Indeed, it’s not as though there aren’t many more people in Williamsburg and Bushwick than there were a decade ago, with an abundance of retail and nightlife options. So even with temporary access cut off from the L train to skyscraper city, more Brooklynites will probably stay in the borough on Saturday night. (And Manhattan tourists can keep their paws off.)

“While the L train was the main trigger and catalyst for these neighborhoods to develop in the last decade, it doesn’t mean that the potential change of the L train will have [a reverse effect],” Ofer Cohen, the president of commercial brokerage TerraCRG, told CO. “Once you reach a certain vibrancy in a marketplace, it’s going to be hard to dial it back.”

Not only will Brooklynites not go to Manhattan at night; they probably won’t go there in the day, either.

It’s entirely possible that more companies will allow employees to work from home and the home-office dynamic of Williamsburg will explode.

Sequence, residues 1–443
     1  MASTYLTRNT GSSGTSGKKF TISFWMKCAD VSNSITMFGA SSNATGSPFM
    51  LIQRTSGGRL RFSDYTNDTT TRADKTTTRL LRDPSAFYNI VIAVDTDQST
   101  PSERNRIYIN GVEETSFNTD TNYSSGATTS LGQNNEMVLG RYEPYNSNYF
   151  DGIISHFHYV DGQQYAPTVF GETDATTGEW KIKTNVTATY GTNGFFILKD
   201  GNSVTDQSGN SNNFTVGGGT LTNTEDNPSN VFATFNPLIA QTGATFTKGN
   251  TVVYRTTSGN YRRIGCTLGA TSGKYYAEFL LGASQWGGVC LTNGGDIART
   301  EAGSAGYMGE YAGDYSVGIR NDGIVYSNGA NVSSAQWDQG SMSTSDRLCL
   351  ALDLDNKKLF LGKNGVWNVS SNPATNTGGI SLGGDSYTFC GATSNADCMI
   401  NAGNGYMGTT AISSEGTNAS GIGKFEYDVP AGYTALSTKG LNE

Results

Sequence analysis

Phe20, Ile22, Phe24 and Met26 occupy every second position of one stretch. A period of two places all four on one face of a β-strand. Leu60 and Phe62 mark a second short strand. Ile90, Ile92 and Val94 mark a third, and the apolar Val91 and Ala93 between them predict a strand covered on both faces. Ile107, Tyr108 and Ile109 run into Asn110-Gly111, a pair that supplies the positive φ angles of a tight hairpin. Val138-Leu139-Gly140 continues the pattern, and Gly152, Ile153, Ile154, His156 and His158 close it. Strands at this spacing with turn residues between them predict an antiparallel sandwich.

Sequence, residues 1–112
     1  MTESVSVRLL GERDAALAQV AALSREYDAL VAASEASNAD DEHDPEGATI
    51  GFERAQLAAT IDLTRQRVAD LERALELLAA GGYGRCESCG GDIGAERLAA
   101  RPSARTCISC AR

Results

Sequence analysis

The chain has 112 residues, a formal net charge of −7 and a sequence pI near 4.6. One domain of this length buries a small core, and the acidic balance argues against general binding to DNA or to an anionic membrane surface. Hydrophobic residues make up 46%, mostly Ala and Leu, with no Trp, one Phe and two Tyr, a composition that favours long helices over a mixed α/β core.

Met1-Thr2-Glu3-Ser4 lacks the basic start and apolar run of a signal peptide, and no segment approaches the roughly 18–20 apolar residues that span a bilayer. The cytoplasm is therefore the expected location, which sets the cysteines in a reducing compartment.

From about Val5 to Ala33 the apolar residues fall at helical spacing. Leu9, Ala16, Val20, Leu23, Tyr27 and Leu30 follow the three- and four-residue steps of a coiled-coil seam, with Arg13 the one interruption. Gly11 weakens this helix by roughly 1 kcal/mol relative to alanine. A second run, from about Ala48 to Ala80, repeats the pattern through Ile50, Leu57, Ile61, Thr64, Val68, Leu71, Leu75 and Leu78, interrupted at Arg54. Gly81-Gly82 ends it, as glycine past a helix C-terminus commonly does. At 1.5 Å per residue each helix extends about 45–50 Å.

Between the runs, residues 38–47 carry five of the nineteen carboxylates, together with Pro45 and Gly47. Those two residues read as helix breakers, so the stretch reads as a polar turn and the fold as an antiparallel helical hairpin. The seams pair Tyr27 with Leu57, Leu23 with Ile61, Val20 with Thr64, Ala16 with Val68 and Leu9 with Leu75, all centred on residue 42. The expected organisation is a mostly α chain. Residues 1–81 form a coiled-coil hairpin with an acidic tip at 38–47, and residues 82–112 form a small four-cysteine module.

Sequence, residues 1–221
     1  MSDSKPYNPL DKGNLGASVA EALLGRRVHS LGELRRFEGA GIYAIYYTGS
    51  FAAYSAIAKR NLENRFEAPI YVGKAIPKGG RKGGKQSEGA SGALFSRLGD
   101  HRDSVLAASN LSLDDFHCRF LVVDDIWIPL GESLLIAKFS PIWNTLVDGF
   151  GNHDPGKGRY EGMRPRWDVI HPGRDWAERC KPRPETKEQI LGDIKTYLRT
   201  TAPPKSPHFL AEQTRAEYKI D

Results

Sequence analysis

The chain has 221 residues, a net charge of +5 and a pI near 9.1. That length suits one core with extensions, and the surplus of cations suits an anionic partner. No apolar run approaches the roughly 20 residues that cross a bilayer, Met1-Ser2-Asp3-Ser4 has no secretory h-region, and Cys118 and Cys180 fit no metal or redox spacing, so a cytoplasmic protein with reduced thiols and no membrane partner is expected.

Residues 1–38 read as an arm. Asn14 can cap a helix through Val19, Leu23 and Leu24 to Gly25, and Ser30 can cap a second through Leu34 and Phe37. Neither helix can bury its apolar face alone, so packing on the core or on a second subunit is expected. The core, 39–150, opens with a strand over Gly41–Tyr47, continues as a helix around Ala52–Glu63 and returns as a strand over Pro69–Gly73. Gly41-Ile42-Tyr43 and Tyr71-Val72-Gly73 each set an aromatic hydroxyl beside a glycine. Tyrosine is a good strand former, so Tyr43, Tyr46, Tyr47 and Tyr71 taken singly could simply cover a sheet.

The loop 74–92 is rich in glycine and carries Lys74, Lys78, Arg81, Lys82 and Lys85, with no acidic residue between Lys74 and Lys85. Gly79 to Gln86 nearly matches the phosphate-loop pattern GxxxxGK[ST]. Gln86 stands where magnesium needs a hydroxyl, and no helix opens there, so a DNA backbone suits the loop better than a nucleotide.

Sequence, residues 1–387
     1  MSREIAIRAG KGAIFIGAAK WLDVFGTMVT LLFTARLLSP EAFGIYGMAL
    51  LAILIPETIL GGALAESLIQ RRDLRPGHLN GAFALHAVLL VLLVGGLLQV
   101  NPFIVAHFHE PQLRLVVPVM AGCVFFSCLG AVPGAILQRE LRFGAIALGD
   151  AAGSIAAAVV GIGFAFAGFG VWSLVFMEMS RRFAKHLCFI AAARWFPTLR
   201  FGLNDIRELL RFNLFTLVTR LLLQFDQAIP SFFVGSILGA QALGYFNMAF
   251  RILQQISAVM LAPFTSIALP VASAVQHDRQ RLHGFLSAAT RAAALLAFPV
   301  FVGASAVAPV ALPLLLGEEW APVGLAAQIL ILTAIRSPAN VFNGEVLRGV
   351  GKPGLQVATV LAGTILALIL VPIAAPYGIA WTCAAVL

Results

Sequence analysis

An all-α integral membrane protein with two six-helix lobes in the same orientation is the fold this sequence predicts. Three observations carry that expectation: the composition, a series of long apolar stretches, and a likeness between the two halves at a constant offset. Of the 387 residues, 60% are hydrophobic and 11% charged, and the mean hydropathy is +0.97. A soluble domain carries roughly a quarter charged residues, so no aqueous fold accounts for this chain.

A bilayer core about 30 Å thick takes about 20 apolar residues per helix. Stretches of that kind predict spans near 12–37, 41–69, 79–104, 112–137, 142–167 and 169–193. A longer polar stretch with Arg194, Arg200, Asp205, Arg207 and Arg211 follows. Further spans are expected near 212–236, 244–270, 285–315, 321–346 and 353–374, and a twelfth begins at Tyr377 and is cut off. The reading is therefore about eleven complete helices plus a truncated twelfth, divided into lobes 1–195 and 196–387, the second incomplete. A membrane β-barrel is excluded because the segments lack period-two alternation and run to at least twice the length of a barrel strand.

“Those few hundred thousand people that leave Brooklyn every day to Manhattan are looking to stay at home and the daytime populations in Williamsburg are going to swell,” Geoffrey Bailey of SCG Retail said. “And people, when they work, they go out and shop on their lunch break, and they go out and get drinks after work. From that perspective, it could be a very good thing for the area.”

Mr. Bailey is marketing 40,000 square feet of retail at The William Vale hotel and said that he is looking for businesses that would cater to the locals living there (er, not people coming from Manhattan). They don’t intend to change their tack because of a potential stoppage of the L train. Williamsburg and Bushwick have many boutique businesses that stand to benefit if more people stay in the local areas instead of going to Manhattan for services.

“I think there are enough things in this neighborhood to fill in the gaps for people,” said Tim Chung, a managing partner of the Bushwick bar, restaurant and movie theater Syndicated.

“I live in Brooklyn and I don’t venture off to the city unless I have to,” Mr. Chung added. “I think that there is such a wide diversity of things to do here. There is Brooklyn Bowl, the [Brooklyn] Brewery, the Nitehawk Cinema, all different types of restaurants and bars. You could go out and have a different type of experience every weekend.”

The commercial office market might get in on the act, too.